Even when playing live, most of the top drummers in the world still play with a metronome to keep everything tight and accurate.
Most of them use click tracks, though, just a digital version of a metronome. You set it at a certain number of beats per minute, and it clicks at that rate and does not deviate.
A metronome or a click track is essential when recording more than one instrument at a time.
Suppose you’re recording just vocals, or even just vocals and one instrument. In that case, you can get away with not using a metronome, but that leaves you reliant on the musician’s natural sense of rhythm rather than having the beats per minute ensured by a metronome or click track.
You Can Improve Your Natural Rhythm Using a Metronome
Recording with a metronome constantly will also help improve your natural rhythm.
You’ll notice yourself realizing how many beats per minute a particular song is just by ear, and it will stand out to you more when a performer is off rhythm. Using a metronome regularly will sharpen your ear for music.
More Time Is Saved When Everyone Plays on Tempo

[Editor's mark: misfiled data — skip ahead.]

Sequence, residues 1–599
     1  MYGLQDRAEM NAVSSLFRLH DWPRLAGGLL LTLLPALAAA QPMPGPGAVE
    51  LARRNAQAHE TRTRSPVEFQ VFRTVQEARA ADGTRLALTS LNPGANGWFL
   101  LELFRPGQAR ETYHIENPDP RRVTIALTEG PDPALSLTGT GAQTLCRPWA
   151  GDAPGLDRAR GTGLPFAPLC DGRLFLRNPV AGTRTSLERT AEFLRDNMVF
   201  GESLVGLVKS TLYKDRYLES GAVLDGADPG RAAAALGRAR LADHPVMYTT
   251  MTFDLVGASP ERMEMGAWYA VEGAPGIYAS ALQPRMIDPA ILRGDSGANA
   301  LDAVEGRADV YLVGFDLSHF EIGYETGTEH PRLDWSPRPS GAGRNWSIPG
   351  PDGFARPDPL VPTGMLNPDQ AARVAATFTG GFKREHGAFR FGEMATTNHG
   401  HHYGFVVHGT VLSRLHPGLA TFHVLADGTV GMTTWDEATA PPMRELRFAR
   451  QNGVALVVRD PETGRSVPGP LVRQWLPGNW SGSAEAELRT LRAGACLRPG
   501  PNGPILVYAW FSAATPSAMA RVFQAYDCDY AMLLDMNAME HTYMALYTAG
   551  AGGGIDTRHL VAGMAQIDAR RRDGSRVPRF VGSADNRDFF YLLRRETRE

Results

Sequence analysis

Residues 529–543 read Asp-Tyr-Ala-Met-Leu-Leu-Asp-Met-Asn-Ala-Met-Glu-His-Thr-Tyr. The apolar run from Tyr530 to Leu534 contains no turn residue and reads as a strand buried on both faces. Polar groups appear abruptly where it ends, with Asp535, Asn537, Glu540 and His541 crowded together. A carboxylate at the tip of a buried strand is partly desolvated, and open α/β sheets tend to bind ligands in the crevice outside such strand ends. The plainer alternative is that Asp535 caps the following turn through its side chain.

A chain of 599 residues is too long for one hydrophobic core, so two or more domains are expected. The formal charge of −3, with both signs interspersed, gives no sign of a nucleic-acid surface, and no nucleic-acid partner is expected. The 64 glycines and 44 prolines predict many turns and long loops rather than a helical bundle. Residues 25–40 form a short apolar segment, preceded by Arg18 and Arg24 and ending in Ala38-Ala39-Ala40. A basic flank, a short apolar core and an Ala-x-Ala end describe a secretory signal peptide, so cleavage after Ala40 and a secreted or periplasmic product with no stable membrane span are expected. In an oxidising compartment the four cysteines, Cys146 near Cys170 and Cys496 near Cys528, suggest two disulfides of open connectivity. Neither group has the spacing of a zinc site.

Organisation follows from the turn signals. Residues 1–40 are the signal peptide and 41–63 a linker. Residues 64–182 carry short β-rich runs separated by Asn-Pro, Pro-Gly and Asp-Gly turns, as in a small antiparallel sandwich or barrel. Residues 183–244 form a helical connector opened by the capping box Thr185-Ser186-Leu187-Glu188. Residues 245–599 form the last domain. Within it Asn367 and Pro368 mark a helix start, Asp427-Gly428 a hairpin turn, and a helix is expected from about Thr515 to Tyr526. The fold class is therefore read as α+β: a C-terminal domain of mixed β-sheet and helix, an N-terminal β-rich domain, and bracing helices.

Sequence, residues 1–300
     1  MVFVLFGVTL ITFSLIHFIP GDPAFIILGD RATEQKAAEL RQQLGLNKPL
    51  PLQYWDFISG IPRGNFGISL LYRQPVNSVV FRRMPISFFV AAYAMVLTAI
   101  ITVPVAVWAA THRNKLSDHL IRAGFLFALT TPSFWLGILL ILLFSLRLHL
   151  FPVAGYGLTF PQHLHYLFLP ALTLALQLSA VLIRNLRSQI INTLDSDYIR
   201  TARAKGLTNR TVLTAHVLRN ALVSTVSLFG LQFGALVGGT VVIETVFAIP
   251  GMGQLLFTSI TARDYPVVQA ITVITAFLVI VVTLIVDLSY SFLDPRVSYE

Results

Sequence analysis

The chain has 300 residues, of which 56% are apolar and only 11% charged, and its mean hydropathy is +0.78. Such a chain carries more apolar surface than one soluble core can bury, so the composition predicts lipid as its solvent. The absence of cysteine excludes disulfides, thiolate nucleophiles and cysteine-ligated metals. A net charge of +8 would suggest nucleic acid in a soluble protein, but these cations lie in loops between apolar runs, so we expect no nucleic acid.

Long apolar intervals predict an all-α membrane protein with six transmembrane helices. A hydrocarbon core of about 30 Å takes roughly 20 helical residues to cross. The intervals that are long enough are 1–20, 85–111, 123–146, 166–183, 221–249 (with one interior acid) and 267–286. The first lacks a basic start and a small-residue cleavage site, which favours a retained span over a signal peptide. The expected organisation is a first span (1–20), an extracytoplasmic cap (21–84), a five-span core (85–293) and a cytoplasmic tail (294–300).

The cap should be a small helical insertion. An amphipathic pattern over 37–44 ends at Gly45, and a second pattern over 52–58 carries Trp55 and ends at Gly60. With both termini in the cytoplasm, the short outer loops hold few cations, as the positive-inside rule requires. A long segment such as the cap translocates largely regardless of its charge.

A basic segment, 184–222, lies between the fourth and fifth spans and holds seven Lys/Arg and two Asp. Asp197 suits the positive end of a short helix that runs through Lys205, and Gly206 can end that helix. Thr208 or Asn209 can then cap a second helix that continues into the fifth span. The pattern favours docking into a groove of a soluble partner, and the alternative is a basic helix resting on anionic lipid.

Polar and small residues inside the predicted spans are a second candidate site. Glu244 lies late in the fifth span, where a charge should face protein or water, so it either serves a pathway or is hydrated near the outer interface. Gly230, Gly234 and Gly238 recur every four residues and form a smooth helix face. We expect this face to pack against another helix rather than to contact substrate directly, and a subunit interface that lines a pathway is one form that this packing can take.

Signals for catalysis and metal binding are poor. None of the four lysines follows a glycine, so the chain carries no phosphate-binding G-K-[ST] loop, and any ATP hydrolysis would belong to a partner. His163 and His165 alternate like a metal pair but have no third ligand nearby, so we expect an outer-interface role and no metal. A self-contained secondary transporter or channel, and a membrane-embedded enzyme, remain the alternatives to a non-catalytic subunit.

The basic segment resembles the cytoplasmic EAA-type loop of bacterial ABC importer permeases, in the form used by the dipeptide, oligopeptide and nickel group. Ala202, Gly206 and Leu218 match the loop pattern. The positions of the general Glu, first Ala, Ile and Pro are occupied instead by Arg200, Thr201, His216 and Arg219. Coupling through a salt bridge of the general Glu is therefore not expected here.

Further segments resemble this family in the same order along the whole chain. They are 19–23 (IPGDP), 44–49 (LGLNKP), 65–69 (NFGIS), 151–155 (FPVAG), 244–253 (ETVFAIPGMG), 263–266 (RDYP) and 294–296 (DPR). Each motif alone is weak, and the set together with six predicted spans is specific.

Metronomes reduce recording time by ensuring that all band members are on the same tempo.
It will save you a lot of time because you won’t be repeating takes over and over trying to get one member of the rock band to play on tempo.
The fact that a metronome can save you time makes them an invaluable tool if you’re paying for studio time instead of recording in your own home. Studio time is expensive, so you want to be as efficient as possible once you get in there, and a metronome can help you tremendously.
Musicians Could Still Fall off Rhythm With a Metronome
There are very few drawbacks to using a metronome.
While yes, a listener could hear an old-school metronome on the recording, the more modern click track is impossible to hear on the recording. Only the musicians listen to it in their headphones.
Some claim that not using metronome gives the music a more natural feel, but this is entirely subjective and not based on anything real.
Some drummers prefer only to use a metronome at the beginning of the song and then turn it off once everyone gets together at the correct tempo.